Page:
Design Double Take: Sao Paulo

March 25, 2012

A few quick pic's from Sao Paolo that not only turned our heads, but made us say, "Huh?"

Sometime's design is in the details. For example, the sidewalks in the area where we worked were of different materials. The variety was fairly broad and almost always associated with the building architecture and materials. It was particularly noticeable when jogging and the running surface changed every 5-10 meters. Some of the nicest were marble or granite mosaic, and usually received a daily scrubbing with a bucket of soapy water and stiff bristled brush.

Traffic. Oy, the traffic. That explains why Sao Paulo has the highest number of helicopters per capita. I can see daily commuters taking severe umbrage with the congestion while they watch their life drain away in gridlock. In an effort to manage the congestion, there is a rule based on the last number of your license plate that prohibits you from driving during rush hours one day a week.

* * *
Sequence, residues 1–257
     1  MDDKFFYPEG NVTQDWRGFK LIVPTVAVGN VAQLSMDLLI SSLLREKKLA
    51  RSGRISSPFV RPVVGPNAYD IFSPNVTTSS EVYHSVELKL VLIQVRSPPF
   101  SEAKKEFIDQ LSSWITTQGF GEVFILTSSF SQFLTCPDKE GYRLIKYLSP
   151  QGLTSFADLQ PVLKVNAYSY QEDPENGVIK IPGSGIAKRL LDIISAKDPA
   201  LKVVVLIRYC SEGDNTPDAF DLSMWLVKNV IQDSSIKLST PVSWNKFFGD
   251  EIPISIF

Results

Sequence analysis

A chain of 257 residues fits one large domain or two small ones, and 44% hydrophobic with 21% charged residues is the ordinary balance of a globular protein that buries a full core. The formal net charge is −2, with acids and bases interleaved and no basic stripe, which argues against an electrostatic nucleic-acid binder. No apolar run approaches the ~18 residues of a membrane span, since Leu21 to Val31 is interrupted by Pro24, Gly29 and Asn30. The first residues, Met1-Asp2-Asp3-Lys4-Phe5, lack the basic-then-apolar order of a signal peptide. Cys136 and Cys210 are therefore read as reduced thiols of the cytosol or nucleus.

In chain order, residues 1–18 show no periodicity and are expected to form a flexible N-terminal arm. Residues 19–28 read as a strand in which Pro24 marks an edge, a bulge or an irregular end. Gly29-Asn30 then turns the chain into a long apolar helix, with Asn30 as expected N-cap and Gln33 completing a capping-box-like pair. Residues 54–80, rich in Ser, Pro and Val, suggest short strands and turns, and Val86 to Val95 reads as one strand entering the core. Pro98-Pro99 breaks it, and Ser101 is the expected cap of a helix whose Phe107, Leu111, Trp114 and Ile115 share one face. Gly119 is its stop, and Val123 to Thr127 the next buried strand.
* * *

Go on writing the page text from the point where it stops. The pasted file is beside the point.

Traffic. Oy, the traffic. That explains why Sao Paulo has the highest number of helicopters per capita.

The skyline in any direction often features multiple tall thin structures, the actual purpose of which we were not able to understand. It occurred often enough that it seemed to have some sort of purpose to the design. It remains an open ended observation, but I will put forth one possible explanation. Sitting in traffic, jammed between cars and trucks across as many as 8 lanes in one direction, you have only a brief view of the building facades that line the road. It's entirely possible that billboards are simply too wide to be viewed when your car is in traffic, so the tall thin structures may be more effective. Thoughts?